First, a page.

• Share
  • Sumo
  • Share

MORE than 35 years ago, Bruce Lee’s high-flying moves and sinewy physique popularized martial arts in America.

Yet nearly a decade before his 1973 film “Enter the Dragon” inspired Americans to enroll in traditional martial arts such as karate and kung fu, Mr. Lee had abandoned his own kung fu training and embraced an amalgam of fighting styles, taking whatever he found useful from the likes of judo and Western boxing, among others.

Finally, Americans seem to be catching up.

Thanks to the success of the Ultimate Fighting Championship, a series of competitions based in Las Vegas, mixed martial arts, a sport that combines techniques from a host of fighting styles — from Brazilian jiujitsu to Thai kickboxing — has become the latest martial arts craze in the United States.

What defines mixed martial arts varies. But experts said a legitimate school should teach several basic skills like how to strike, how to wrestle and how to fight on the ground.

“When we were young, kids took karate or tae kwon do,” said Dana White, the president of the Ultimate Fighting Championship.

“Mixed martial arts is the new martial art.”

Or rather, the old new martial art.

In the opening scene of “Enter the Dragon,” Mr. Lee squares off against an opponent — the two of them dressed in tight-fitting shorts and black fingerless gloves — trading punches, kicks and throws until Mr. Lee applies a painful arm lock and forces his opponent to surrender.

At the time, the fight scene was considered revolutionary for its fusion of different styles; in the ’70s, cross-training in different martial arts was taboo, martial arts experts said.

But today, from Mr. Lee’s moves to his uniform, the scene bears a noticeable resemblance to what is going on in mixed martial arts gyms across the country.

“He was like 50 years ahead of his time,” said Dan Inosanto, one of Mr. Lee’s former students and the head instructor at the Inosanto Academy in Marina del Rey, Calif.

It wasn’t until 1993 that the first professional mixed martial arts bouts came to the United States. Yet until several years ago, the sport was largely viewed as brutal and a fringe phenomenon, once called “human cockfighting” by Senator John McCain. By 2000, it was banned in most parts of the country.

Today, after cleaning up its act, mixed martial arts is legal and regulated in nearly every state. And thanks to savvy marketing and a popular reality show, the Ultimate Fighting Championship, the sport’s premier brand, has transformed mixed martial arts into a mainstream spectator sport.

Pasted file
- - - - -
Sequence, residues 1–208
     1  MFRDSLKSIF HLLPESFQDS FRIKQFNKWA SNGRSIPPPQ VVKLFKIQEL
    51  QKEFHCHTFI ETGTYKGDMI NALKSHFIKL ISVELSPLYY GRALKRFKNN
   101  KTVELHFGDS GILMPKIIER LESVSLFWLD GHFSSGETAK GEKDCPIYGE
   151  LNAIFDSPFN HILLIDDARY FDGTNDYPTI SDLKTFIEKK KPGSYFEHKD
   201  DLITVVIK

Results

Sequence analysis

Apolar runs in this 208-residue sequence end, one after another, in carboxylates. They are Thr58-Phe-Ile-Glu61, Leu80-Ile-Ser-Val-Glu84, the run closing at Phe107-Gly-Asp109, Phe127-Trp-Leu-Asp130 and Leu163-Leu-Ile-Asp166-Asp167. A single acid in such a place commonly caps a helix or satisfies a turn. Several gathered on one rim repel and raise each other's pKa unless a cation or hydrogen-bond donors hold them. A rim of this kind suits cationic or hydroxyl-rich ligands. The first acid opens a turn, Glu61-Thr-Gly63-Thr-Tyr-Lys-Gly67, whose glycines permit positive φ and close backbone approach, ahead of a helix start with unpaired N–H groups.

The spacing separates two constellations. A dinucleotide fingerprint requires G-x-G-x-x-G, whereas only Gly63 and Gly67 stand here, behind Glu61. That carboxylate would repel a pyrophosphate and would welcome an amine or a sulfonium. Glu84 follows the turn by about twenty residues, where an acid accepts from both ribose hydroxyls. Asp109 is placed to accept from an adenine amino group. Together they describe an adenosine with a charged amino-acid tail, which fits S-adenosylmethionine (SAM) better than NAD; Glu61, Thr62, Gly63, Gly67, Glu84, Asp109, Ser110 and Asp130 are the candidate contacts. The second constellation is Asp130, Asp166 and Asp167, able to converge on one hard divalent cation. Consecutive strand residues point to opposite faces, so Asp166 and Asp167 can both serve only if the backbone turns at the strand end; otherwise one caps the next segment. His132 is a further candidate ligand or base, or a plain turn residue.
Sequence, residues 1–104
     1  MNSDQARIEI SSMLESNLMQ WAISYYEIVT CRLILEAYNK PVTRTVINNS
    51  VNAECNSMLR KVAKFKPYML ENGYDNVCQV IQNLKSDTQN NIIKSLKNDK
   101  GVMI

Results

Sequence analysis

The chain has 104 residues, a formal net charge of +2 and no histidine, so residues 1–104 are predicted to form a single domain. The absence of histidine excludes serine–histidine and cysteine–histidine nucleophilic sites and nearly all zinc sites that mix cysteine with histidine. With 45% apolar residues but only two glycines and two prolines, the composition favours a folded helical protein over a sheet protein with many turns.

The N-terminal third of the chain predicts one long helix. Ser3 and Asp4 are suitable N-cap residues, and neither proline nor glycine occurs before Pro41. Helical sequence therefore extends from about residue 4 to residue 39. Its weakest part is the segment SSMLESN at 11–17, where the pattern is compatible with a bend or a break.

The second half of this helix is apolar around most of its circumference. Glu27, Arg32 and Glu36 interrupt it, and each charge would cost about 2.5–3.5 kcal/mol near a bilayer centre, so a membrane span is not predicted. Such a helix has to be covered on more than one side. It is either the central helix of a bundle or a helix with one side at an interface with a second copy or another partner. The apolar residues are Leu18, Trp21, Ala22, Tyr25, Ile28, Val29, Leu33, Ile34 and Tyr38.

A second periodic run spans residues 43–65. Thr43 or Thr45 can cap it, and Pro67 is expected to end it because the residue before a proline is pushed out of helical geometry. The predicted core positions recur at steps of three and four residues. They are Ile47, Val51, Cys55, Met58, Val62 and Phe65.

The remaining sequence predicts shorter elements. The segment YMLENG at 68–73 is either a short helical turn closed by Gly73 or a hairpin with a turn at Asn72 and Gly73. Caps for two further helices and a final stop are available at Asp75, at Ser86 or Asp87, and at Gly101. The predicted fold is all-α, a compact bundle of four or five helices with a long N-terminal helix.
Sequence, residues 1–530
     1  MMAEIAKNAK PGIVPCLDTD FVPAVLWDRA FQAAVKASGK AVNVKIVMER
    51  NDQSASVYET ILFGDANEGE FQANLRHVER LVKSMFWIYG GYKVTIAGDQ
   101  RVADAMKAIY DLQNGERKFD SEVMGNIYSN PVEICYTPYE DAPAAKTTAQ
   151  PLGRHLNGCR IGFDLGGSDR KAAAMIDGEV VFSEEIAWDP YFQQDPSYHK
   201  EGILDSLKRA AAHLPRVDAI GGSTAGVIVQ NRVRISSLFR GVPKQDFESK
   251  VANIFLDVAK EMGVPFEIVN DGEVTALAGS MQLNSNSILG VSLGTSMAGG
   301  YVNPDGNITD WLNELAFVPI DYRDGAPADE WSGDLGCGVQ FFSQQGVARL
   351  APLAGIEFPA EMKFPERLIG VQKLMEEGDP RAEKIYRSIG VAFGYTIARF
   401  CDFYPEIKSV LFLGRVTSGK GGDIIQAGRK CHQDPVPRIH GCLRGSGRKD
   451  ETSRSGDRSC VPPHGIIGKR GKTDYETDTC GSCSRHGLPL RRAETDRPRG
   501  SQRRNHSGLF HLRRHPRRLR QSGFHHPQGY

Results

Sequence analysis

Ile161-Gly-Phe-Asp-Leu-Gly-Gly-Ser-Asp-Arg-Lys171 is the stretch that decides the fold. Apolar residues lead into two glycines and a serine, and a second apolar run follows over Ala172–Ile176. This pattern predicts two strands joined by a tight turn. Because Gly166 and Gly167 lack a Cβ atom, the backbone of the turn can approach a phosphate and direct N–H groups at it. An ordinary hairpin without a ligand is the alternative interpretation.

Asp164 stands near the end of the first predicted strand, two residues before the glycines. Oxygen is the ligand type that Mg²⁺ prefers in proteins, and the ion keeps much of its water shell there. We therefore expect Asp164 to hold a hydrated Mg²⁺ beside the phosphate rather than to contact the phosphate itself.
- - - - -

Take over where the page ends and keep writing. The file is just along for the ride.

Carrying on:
But Americans aren’t only watching mixed martial arts, they are increasingly practicing it for fun and fitness as well. Century Martial Arts, a leading brand of martial arts equipment, said revenue from its mixed martial arts products doubled last year.

Meanwhile, mixed martial arts schools are popping up across the country. Schools that previously offered only karate or tae kwon do are now advertising instruction in M.M.A., the sport’s popular acronym.

Frank Silverman, the president of the Martial Arts Industry Association, a trade group, said the number of mixed martial arts representatives at his group’s largest trade show has tripled over the last two years.

Later this month, the Ultimate Fighting Championship plans to open a chain of gyms, and many mixed martial arts instructors said they have seen increased interest from students who want to start clubs at the high school and college levels.

The major influx of enrollment, martial arts instructors said, has come from the Ultimate Fighting Championship’s biggest demographic, men age 18 to 34.

“People see mixed martial artists and look at the shape these guys are in,” said Daniel Schulmann, the owner of Tiger Schulmann’s Mixed Martial Arts, a chain with 48 schools in five states.

“Fighters have power like a power lifter but endurance like a runner,” he said. “And they’re flexible.”

Some students like Danny Rangel, 21, who trains at Camp Undefeated, a mixed martial arts school in Manhattan, want to become professional fighters.

“I’m looking to compete,” Mr. Rangel said in an interview. “The ultimate goal one day would be the U.F.C.”

But the majority of people simply want an alternative to the gym and some self-defense experience, martial arts experts said.

In fact, mixed martial arts has acquired such a good reputation as a workout that even professional athletes from more established sports are participating. Most recently, Glen Davis, 23, a forward with the Boston Celtics, has begun working out at Wai Kru, a mixed martial arts school in Boston, in an effort to lose weight.

“He’s down 15 pounds at least,” said John Allan, the school’s chief instructor.

Yet for people like Mr. Davis, instructors said they have to draw a fine line between training their students like fighters and preventing injuries.

“Our motto is ‘Come for the mixed martial arts workout,’ ” said Jorge Gurgel, a professional fighter and the owner of a number of mixed martial arts academies, most of which are in the Midwest.

Although Mr. Gurgel’s schools boast Ultimate Fighting Championship veterans, he said some of his classes still appeal to women and older men.

“They can do the workout without having to fight,” he said.

That freedom to participate and get in shape — without getting a black eye — is what appealed to Hillary Gilmore, 26, who trains at Mr. Schulmann’s school in Manhattan.

Yet her friend, Carissa Beal, 27, admitted that she initially felt uncomfortable with grappling, an aspect of mixed martial arts that often involves sitting between a person’s legs or lying on top of them.

“If you’re doing it with a stranger, it’s really awkward,” she said.

Maybe so. But more than 30 years after Mr. Lee sparked the first martial arts revolution in the United States, Americans have finally accepted his message, however awkward it may seem in practice.